I’m all in with this paragraph above!

Thus to gain greater access to the gold of our nature in relationship, a certain alchemy is required: the refining of our conditioned defensive patterns. The good news is that this alchemy generated between two people also furthers a larger alchemy within them. The opportunity here is to join and integrate the twin poles of human existence: heaven, the vast space of perfect, unconditional openness, and earth, our imperfect, limited human form, shaped by worldly causes and conditions. As the defensive/controlling ego cooks and melts down in the heat of love’s influence, a beautiful evolutionary development starts to emerge—the genuine person, who embodies a quality of very human relational presence that is transparent to open-hearted being, right in the midst of the dense confines of worldly conditioning.

Yeah, it is essential for an infant human to be in intimate relationship(s) to survive early childhood. Of course, the conditioning may be largely a result of abuse, as much as love – as indeed abandonment/neglect more likely results in death than abuse. Indeed, early relational imprints happen with other(s) – not in solitude.

Relationship as Charnel Ground

To clarify the workings of this alchemy, a more gritty metaphor is useful, one that comes from the tantric traditions of Buddhism and Hinduism: relationship as charnel ground. In many traditional Asian societies, the charnel ground was where people would bring dead bodies, to be eaten by vultures and jackals. From the tantric yogi’s perspective, this was an ideal place to practice, because it is right at the crossroads of life, where birth and death, fear and fearlessness, impermanence and awakening unfold right next to each other. Some things are dying and decaying, others are feeding and being fed, while others are being born out of the decay. The charnel ground is an ideal place to practice because it is right at the crossroads of life, where one cannot help but feel the rawness of human existence.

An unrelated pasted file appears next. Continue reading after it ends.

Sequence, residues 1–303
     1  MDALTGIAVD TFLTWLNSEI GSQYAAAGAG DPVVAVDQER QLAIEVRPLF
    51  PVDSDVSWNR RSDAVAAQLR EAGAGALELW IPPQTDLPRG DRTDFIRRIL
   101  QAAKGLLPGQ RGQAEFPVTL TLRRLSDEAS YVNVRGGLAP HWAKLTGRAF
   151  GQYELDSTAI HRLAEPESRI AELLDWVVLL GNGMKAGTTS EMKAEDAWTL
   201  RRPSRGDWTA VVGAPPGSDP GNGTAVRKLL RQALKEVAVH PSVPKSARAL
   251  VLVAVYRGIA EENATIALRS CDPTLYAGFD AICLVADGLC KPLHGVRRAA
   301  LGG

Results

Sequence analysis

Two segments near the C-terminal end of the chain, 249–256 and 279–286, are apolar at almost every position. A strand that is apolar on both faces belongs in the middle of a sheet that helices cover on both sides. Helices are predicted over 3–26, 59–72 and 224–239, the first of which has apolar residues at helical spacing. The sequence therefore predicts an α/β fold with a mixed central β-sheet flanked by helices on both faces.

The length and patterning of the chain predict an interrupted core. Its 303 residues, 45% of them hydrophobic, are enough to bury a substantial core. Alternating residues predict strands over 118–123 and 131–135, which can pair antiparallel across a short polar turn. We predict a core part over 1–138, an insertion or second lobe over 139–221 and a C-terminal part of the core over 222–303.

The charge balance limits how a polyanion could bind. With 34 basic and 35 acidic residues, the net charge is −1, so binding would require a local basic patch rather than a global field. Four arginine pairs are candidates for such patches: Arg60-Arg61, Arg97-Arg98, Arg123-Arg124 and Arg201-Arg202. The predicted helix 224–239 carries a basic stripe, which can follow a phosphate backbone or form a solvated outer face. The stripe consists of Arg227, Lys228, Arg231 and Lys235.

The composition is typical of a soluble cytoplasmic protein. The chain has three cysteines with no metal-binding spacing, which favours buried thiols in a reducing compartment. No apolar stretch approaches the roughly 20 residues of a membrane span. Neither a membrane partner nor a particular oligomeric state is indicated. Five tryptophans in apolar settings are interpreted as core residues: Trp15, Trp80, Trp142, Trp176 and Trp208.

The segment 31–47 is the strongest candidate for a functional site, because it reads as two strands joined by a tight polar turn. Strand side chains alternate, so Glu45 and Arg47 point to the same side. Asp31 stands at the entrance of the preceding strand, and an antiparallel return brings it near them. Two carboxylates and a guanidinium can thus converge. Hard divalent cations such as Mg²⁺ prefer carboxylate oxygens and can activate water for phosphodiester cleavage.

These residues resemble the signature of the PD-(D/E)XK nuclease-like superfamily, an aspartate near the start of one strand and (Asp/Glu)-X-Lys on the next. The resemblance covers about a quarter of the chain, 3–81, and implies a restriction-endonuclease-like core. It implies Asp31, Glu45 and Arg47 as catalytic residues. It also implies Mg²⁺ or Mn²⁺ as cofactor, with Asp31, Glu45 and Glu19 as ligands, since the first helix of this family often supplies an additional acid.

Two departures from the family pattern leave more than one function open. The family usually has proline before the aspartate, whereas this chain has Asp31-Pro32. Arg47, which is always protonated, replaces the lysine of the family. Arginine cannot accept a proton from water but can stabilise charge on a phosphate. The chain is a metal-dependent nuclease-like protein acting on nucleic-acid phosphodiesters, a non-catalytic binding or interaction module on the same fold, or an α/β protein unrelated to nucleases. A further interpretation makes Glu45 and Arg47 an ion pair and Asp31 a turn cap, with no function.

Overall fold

Yes! Yum. And here the full range of life encompassing death and birthings of new things is embraced.

Chögyam Trungpa Rinpoche described the charnel ground as “that great graveyard, in which the complexities of samsara and nirvana lie buried.” Samsara is the conditioned mind that clouds our true nature, while nirvana is the direct seeing of this nature. As Trungpa Rinpoche describes this daunting crossroads in one of his early seminars:

It’s a place to die and be born, equally, at the same time, it’s simply our raw and rugged nature, the ground where we constantly puke and fall down, constantly make a mess. We are constantly dying, we are constantly giving birth. We are eating in the charnel ground, sitting in it, sleeping on it, having nightmares on it… Yet it does not try to hide its truth about reality. There are corpses lying all over the place, loose arms, loose hands, loose internal organs, and flowing hairs all over the place, jackals and vultures are roaming about, each one devising its own scheme for getting the best piece of flesh.

Ah, again, I get tangled in use of “rugged nature;” so that is some conditioning and not our “true nature.” A human cannot make it past infancy without conditioning, happenings, respondings. Even belief in the Four Noble Truths is a condition… so… I, uh,…

Many of us have a cartoon-like notion of relational bliss: that it should provide a steady state of security or solace that will save us from having to face the gritty, painful, difficult areas of life. We imagine that finding or marrying the right person will spare us from having to deal with such things as loneliness, disappointment, despair, terror, or disintegration. Yet anyone who has been married for a long time probably has some knowledge of the charnel ground quality of relationship—corpses all over the place, and jackals and vultures roaming about looking for the best piece of flesh. Trungpa Rinpoche suggests that if we can work with the “raw and rugged situation” of the charnel ground, “then some spark or sympathy or compassion, some giving in or opening can begin to take place. The chaos that takes place in your neurosis is the only home ground that you can build the mandala of awakening on.” This last sentence is a powerful one, for it suggests that awakening happens only through facing the chaos of our neurotic patterns. Yet this is often the last thing we want to deal with in relationships.